Wrestling with God

Wrestling with God. Hmm, an interesting concept, that the Creator of everything should even deign to look at ‘insignificant’ humans, never mind stoop to the level of wrestling with them. And what would be the point? Isn’t He God, the unbending, unchanging Ruler of the Universe? What possible chance would a mere mortal have of ‘winning’ against God?

Well, Genesis 32:24-30 tells the story of Jacob, the man who wrestled with God. He refused to let go of God until He received a blessing:

So Jacob was left alone, and a man wrestled with him till daybreak. When the man saw that he could not overpower him, he touched the socket of Jacob’s hip so that his hip was wrenched as he wrestled with the man. Then the man said, “Let me go, for it is daybreak.” But Jacob replied, “I will not let you go unless you bless me.”

The man asked him, “What is your name?”

“Jacob,” he answered. Then the man said, “Your name will no longer be Jacob, but Israel, because you have struggled with God and with humans and have overcome.”

Jacob said, “Please tell me your name.” But he replied, “Why do you ask my name?” Then he blessed him there. So Jacob called the place Peniel, saying, “It is because I saw God face to face, and yet my life was spared.”

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But you know what, it’s not only ok, but it’s positively encouraged to wrestle with God over life’s great issues, and faith’s big questions. The Bible is full of it. ‘Why, God, why?’ is the theme of many of the Psalms, where men express such raw emotion – not only love, adoration and praise, but also hatred, sorrow, viciousness, pain, suffering and revenge. It’s honest, and God likes it when we are honest with Him about our feelings.  One of the hidden messages of the Psalms is that it is ok to feel like that, it’s ok to approach God with your pain as well as with your joy. Wrestle with God about life’s big issues – He can handle it. Don’t be afraid that you might be blaspheming or something. That kind of assertion comes from those who themselves do not wrestle with God; those who do not understand how approachable He is. Don’t be afraid of being angry with God about things you see happening – suffering, injustice, or anything else for that matter. This is wrestling with God, and He does indeed stoop down to allow this to do this; indeed, he expects us to do so!

And so you see there is indeed a point to wrestling with God. You might just get some answers to your questions. Or you might not. You will almost certainly gain better understanding. You definitely get the chance to let off some steam! And you may well change things. God listens. He might even change His mind. Also, God acts on your behalf! And in fact I’d say that always, when you wrestle with God, you will change in some way – an opinion, an attitude, a belief – indeed, Jacob had a limp for the rest of his life…. you see, when you get to see things more from God’s point of view, you can’t help but change.

Wrestling with God can involve simply praying (through gritted teeth if necessary!); it can involve study of the Bible and/or other literature; listening to music; watching a sunset; working with the poor; debate and discussion with other people (believers and unbelievers alike)….this is all healthy stuff! And it’s right and honest to question; in that way, your faith stands on firm foundations.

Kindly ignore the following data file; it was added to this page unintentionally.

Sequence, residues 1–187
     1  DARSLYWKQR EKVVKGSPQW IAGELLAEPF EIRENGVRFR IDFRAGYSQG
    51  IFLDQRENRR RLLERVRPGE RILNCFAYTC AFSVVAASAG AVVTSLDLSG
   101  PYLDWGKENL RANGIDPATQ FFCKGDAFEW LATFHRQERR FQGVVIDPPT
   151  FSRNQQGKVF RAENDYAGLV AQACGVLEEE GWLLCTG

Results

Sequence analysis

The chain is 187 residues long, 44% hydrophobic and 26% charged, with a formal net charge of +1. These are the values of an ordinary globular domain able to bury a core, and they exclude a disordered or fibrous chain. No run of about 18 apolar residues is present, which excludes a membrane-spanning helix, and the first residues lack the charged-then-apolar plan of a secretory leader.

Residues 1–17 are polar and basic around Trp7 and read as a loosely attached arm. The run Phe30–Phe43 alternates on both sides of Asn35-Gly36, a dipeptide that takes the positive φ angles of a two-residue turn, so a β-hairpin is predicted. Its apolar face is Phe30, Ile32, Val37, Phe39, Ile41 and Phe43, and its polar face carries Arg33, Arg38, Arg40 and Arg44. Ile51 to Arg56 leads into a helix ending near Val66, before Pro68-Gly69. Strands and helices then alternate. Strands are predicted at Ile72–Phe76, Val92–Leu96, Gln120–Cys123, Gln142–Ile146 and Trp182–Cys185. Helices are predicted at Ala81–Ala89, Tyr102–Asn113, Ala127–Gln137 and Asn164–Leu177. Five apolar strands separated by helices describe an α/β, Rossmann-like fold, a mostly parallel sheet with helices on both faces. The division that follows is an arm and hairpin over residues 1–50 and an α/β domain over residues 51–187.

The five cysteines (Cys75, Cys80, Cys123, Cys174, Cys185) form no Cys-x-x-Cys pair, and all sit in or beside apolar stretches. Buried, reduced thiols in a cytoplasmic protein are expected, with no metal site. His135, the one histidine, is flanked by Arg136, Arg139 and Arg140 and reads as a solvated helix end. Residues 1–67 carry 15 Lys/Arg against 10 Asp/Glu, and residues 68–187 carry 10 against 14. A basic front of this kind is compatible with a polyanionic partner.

My recent post about Hell (actually it was more about not teaching the concept to kids, but there we are) stirred up much strong and indeed heated debate between myself and five of my friends; most of the discussion was conducted on Facebook. You see, we are all six of us strong Men of God with strongly held opinions, who know what we believe and why we believe it.

Sometimes, though, as we have seen, we do indeed need to wrestle with God on hard topics such as Hell, and when that happens, our strongly held opinions come to the fore.

Because of this, we then engaged in strong, vigorous debate about the actual nature of things. And, interestingly, this is precisely the Rabbinic method of debate – discussion about strongly held beliefs, not all of which are compatible, to arrive at a deeper truth. This is the method Jesus and St.Paul used in a) their education and b) their ministries. Folks, we are in good company!

When engaged in such debate, I would put out four points worth bearing in mind.

Firstly, we should each pray for each other that the Spirit of Truth guide us in our studies, so that we arrive at the conclusions He wants us to get to.

Secondly, remember that this is the path of integrity, in that we do not bury our honest doubts, but instead wrestle with God and with each other over them (remember that part of the verses above, ‘You have wrestled with God and with humans‘).

Thirdly, we need to remember, of course, that we are talking in some ways about things that we cannot understand as mere mortals – see here for more ideas on this!

Finally, and interestingly, in order to wrestle with God you have to get close to Him. There are few activities that bring two people into closer proximity than does wrestling! It’s one of the closest contact sports there are.

When we wrestle with God, then, we draw closer to Him. And also to each other. And we arrive at a greater understanding of the truth.

Please feel free to wrestle!

 

 

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1 thought on “Wrestling with God

  1. We do have freedom to wrestle with God. This sometimes involves questioning our beliefs about God or other religious issues, but some people are afraid to question God because they imagine him/her to be angry, harsh, and vindictive.

    This does not describe God at all.

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